Um, I totally didn’t get you anything. But you know I love you guys, right? You do. Before you get all weepy, let’s get all reminiscent:
Jacinda’s mom had booked appointments for us at the Aveda Institute in Lincoln Park, where a stylist put up most of my hair, leaving some of it down. She curled it all, pinning loops and ringlets above my neck. For a few minutes, before she pulled back some tendrils, I looked like I was about to dance the night away at somebody’s junior prom. It wasn’t good, but then it was good, and I felt kinda like a slutty Imelda Marcos, or that I had just finished performing in “South Pacific”. When I got back to the hotel and put on my outfit, I noticed how my tan lines just looked like I was wearing an undershirt, but it was too late to do anything. Jacinda thought I looked hot, which is really what counted. Oh, and she looked pretty good herself. Um, yeah — gorgeous, huh? She stopped everybody in the lobby, she was so beautiful.
The drive down to Bond Chapel was uneventful. Once we got there, Jacinda didn’t want anybody to see her before she had to sign the ketubah. So we hung out in the doorway of Swift Hall while we watched people walk up: Joe and Seema; Andrew, Rozi, and Foster; Bruce and Joan. Nora parked the car, and Jacinda, her mother, and I walked around to a side door where Jacinda asked us to adjust the flowerpots that held the chuppah aloft. Then there was some confusion and some stuff and I hung out at the main entrance of the church, smelled my flowers, and waited. My feet were killing me, but my shoes were fierce. We bridesmaids and groomsmen cracked jokes while Joe and Jacinda signed, then their parents and witnesses. And then they were outside with us, we formed our lines, and then Joe’s bandmates began to play ‘Jacinda’s Wedding Sonata’. As the Uhlmann boys started down the aisle, then Claire and Frank, and then me and Kissel. And then down the aisle we went.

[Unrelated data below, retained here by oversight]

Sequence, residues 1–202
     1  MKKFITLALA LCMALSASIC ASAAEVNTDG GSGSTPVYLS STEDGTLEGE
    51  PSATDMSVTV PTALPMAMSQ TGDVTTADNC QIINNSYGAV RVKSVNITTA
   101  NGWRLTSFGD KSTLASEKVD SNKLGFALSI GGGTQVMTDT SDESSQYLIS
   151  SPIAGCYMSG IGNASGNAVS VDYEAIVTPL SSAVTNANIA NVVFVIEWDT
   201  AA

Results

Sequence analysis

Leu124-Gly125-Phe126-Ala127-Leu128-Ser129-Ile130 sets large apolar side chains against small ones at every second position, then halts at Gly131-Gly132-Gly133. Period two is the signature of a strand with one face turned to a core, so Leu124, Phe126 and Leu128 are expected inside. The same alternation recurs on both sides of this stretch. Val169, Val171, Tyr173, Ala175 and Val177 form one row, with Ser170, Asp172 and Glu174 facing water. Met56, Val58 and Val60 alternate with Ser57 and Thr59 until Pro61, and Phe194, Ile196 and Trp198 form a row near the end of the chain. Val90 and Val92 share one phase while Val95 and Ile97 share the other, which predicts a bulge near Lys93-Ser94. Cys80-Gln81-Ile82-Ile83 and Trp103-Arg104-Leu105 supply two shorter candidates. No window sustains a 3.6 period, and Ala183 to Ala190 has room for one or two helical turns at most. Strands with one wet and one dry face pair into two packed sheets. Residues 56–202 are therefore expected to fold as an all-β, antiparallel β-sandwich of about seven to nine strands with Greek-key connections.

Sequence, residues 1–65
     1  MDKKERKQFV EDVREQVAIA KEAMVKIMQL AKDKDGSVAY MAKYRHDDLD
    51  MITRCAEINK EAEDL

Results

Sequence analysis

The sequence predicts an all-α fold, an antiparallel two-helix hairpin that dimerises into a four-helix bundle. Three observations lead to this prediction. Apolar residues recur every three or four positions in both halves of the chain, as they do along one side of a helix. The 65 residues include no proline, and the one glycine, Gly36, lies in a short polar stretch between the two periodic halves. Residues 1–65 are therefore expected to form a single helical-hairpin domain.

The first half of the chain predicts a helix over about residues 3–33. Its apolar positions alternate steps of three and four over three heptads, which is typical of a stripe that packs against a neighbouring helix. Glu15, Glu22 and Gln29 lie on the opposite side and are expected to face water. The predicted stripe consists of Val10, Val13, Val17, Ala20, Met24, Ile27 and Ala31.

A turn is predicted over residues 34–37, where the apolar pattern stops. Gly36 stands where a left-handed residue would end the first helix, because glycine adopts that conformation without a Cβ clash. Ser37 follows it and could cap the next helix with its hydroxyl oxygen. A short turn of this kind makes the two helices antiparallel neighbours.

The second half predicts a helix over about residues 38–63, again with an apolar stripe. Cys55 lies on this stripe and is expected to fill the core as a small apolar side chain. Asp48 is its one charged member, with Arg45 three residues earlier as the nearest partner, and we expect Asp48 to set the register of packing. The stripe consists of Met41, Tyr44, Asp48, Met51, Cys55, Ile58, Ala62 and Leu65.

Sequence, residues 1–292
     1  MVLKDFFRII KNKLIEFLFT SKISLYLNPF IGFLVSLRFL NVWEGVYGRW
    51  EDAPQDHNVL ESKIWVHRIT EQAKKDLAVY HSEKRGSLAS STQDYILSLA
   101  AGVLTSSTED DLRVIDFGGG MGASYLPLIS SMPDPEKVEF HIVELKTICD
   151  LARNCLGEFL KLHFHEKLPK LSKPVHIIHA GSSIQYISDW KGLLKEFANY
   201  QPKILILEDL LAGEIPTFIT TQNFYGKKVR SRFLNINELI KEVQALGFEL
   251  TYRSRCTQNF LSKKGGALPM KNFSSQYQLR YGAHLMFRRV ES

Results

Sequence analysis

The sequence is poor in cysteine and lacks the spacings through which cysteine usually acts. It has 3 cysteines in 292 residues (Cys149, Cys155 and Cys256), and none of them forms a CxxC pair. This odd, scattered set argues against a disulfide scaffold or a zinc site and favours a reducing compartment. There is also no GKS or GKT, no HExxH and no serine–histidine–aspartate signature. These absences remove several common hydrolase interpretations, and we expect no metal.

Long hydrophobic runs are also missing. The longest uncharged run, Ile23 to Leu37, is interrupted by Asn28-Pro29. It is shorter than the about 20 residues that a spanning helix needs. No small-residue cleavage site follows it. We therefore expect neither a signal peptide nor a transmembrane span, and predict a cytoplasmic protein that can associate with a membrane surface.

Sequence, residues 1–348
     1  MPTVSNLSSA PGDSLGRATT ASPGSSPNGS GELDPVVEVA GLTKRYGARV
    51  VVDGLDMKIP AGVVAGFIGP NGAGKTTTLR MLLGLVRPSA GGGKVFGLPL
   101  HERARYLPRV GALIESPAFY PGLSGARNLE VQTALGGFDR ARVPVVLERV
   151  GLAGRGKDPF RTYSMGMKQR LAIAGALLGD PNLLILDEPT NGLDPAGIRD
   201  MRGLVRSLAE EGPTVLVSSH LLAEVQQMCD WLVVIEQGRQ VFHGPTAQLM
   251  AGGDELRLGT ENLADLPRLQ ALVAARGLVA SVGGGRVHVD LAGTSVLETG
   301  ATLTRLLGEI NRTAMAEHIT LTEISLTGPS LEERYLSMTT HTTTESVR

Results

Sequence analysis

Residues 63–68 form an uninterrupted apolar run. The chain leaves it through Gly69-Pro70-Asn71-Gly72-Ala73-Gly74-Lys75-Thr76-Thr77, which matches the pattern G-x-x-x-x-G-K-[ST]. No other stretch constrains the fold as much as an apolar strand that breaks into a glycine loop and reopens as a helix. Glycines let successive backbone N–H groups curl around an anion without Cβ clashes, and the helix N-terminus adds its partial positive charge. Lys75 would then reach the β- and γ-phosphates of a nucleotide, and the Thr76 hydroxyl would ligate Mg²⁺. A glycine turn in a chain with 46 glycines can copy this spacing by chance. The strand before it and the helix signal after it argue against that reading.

Kissel and I made it up to the altar without me falling off my shoes and knocking him into the Uhlmanns. I clasped my flowers in my hands, turned to face the aisle as Joe’s parents walked him down the aisle. Then everybody stood, and Jacinda floated in on the arms of her mother and her grandmother. We all faced the couple, and the officiant began. The readings were from Corinthians and from the Song of Solomon. Joe and Jacinda recited their vows, drank some wine from the ceremonial glass. I looked at Claire, who looked lost in thought, and at Frank who looked satisfied in a daffy sort of way. The officiant read from their ketubah, pronounced them man and wife. Becky handed me her bouquet so she could wrap a glass in a cloth, and then place it on the ground for Joe to step on. Smash, and the ceremony was over. Joe and Jacinda kissed, and we marched back down the aisle. Jacinda and her mother and sister immediately began to cry as they hugged each other. At least, that’s how I remembered it. Or maybe the tears started once Jacinda’s mother stepped outside and I just about caught her in my arms.
Guests streamed outside, blowing bubbles and fanning themselves as Jacinda and Joe posed for a few pictures. I found my cheering section, who all seemed to agree that with the fabric flower in my hair I could be starring in a revial of ‘South Pacific’. As guests started walking towards Ida Noyes Hall for the reception, the wedding party wandered up to the Botany Pond for pictures. The Botany Pond was, of course, covered in plastic mesh and wooden frames as it was being rebuilt. So off to some nice trees and ivy behind Kent Hall, then back to Ida for the reception, where we followed the sound of the guests as they guzzled wine and beer and Champagne and snacked on cheese.
Ran into more people, like Jacinda’s boss, whose name I could not remember, and who is dating my college BA reader. Also, everybody from the rehearsal dinner, and Dan Meltz’s parents, and co-workers, and my date Thom, who relieved me of my three gazillion purses and kept them with him as the reception began and I socialized while I waited for the buffet line to get shorter. It was a bit warm, hot even, but the reception space had two balconies, where I’d nip out for a quick cigarette and a chat. Drank a great deal of Champagne, then it was time for cake and kisses and toasts. I don’t remember what I said, but the gist of it was that I’m the person people would say is responsible for Joe and Jacinda meeting and getting together. And I’m glad to assume that blame, excuse me, that honor. So my toast said something to that effect. And maybe I hammed it up a smidge, but I’ve always found the spotlight just a bit alluring. A DJ had been playing music all evening, but the dancing didn’t get going until 10 or so, when Joe and Jacinda danced to a recording of Joe singing Big Star’s “Watch The Sunrise”. And then everybody danced when Jacinda motioned for us to join them. A few more dances, and when the strains of “Hava Nagila” filled the air, we began to circle around, put Jacinda and Joe in chairs and lifted them over our shoulders as we danced below and held them closer to the light.